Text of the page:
These thoughts were inspired by my Lent reading from the excellent book by Brother Ramon SSF…
The Golden Bowl (Cameroon) Jesusmafa.com
When evening came, Jesus was reclining at the table with the Twelve. And while they were eating, he said, “I tell you the truth, one of you will betray me.” They were very sad and began to say to him one after the other, “Surely not I, Lord?”
Jesus replied, “The one who has dipped his hand into the bowl with me will betray me. The Son of Man will go just as it is written about him. But woe to that man who betrays the Son of Man! It would be better for him if he had not been born.”
Then Judas, the one who would betray him, said, “Surely not I, Rabbi?”
Jesus answered, “You yourself have said it”
Matthew 26 verses 20-5 (NIV)
The disciples all ask, ‘Surely not I, Lord?’, the word ‘Lord’ indicating their close relationship to Jesus, to which his reply about sharing the dipping bowl is spoken to them all. There is a feeling of sadness, but deep friendship and you can imagine the background hum of chatting friends in the room. However, when Judas asks ‘Surely not I, Rabbi?’ where the word Rabbi is less personal, on the level of an instructor, Jesus answers: ‘You have said so.’ The scene now feels as if it is silent with the focus solely on Jesus and Judas. Even though they are still among the disciples the words between them feel much more personal – almost as if they are alone – with Jesus issuing a challenge.
We need to measure our lives against God’s word and as we do we will find things which challenge us to change the way we live. How do we reply? Can we use the word ‘Lord’, indicating close relationship, or do we find it easier to say ‘Rabbi’, the word used by a follower to a teacher? Sometimes it will be easy to say ‘Lord’, to which Jesus just lovingly reminds us that we are not perfect and can easily slip up.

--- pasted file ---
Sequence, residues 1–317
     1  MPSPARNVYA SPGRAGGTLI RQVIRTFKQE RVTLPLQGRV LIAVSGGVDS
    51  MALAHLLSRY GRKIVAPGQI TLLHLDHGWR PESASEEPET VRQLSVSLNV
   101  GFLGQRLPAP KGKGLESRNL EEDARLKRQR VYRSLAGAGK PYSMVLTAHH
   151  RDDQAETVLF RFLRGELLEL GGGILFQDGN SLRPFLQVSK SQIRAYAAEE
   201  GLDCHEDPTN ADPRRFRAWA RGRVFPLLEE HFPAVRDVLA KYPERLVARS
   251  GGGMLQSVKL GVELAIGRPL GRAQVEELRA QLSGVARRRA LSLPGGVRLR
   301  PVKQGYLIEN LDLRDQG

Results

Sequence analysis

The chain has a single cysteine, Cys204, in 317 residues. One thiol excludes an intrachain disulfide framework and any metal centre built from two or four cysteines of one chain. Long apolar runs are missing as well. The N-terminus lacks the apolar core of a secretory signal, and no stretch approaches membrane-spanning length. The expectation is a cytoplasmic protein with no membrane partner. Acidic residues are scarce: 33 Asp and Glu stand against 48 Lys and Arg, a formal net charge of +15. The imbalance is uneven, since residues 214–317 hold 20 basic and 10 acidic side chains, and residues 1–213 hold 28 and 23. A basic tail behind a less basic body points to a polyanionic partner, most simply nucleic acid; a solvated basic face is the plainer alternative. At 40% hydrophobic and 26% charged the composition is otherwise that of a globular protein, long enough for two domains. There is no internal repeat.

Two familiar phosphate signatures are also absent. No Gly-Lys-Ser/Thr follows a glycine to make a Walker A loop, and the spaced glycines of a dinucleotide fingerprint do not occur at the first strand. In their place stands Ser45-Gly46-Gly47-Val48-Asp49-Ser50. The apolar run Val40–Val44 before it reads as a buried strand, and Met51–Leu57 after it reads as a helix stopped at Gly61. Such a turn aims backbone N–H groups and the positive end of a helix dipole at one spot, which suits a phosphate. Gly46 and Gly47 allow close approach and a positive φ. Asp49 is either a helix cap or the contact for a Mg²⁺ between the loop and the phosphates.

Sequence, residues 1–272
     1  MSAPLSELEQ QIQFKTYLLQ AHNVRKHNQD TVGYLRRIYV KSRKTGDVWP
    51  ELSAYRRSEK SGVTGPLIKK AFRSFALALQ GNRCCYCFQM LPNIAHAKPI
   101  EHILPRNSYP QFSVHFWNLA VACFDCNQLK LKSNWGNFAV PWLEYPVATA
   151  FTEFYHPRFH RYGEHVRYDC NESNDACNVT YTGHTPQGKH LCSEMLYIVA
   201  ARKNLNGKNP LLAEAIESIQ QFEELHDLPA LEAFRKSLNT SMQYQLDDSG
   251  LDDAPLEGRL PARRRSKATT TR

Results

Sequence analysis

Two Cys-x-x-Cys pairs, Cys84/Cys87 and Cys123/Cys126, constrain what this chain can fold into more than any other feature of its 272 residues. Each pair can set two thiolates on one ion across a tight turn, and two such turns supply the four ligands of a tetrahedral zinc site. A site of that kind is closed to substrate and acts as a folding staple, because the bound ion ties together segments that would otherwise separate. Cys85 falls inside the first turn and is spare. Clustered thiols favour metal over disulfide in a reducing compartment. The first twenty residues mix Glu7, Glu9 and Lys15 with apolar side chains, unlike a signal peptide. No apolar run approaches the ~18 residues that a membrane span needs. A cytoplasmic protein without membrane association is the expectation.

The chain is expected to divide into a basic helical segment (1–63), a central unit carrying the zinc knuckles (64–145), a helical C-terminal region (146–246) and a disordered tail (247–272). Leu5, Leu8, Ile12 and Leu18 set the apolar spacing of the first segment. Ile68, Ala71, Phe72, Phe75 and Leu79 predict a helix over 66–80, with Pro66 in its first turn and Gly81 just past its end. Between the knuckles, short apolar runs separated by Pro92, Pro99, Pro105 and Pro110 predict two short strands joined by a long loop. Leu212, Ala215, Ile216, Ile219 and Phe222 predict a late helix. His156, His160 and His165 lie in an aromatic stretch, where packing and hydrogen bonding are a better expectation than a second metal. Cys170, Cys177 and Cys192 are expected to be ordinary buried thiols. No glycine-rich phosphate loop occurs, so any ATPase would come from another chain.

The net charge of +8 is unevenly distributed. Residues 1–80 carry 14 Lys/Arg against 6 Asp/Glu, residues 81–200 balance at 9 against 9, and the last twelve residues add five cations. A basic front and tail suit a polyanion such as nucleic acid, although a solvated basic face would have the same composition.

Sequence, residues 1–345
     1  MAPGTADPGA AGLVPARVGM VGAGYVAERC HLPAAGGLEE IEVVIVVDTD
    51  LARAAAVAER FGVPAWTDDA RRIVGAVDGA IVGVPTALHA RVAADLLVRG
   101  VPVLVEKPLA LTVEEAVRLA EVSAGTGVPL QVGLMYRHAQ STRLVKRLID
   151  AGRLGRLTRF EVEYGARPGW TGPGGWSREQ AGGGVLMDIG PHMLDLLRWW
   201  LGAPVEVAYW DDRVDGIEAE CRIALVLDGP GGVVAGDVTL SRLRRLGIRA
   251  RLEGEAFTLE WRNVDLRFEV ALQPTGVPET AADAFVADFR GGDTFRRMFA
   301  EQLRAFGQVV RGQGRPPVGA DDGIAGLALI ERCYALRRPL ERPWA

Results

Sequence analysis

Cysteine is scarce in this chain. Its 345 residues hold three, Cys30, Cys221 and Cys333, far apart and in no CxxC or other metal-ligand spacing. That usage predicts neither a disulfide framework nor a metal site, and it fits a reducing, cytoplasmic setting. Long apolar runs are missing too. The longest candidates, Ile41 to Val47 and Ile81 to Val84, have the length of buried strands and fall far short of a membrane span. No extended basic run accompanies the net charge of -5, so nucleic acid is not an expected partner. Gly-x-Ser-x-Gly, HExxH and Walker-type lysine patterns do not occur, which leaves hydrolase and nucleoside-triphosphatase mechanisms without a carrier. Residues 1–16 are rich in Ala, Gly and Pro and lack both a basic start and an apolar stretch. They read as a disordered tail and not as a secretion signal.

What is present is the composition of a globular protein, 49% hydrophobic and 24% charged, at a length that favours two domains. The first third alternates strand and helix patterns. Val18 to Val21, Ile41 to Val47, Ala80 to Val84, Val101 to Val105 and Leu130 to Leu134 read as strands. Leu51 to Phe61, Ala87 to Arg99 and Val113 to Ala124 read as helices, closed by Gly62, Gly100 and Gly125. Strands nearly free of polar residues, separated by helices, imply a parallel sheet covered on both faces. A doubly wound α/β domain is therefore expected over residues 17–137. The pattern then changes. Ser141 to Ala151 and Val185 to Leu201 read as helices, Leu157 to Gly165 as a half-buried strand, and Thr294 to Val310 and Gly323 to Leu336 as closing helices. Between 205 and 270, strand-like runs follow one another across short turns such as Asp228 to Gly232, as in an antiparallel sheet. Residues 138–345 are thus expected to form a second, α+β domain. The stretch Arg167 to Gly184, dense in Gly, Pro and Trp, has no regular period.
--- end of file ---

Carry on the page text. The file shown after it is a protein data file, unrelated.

At other times we can feel very personally challenged, where we need to look closely at how the issue affects our relationship with Jesus. We know when we are in that still place – as if it is just us and Jesus – with him looking at us straight in the eyes with his challenge. Judas still had a choice at the Last Supper table and by changing his intentions the word he used could have been ‘Lord’ rather than ‘Rabbi’. Jesus wants us to answer with the word of wholehearted commitment, ‘Lord’, signifying that, however difficult, we are willing to follow him and walk the hard way.
Learning to grow
Lord Jesus, Rabbi, Teacher
thank you for reminding us that
until we bring you our darkness
we cannot know your light;
that until we become the servants of truth
we cannot become wise leaders;
that until we are good listeners
we cannot speak with authority;
that until we become willing, lifelong learners
we cannot teach with insight or enthusiasm;
that until we are ready to be reborn
we cannot truly mature.
Kate Compston (from Women of Prayer: an anthology of everyday prayers from women around the world – complied by Dorothy M Stewart)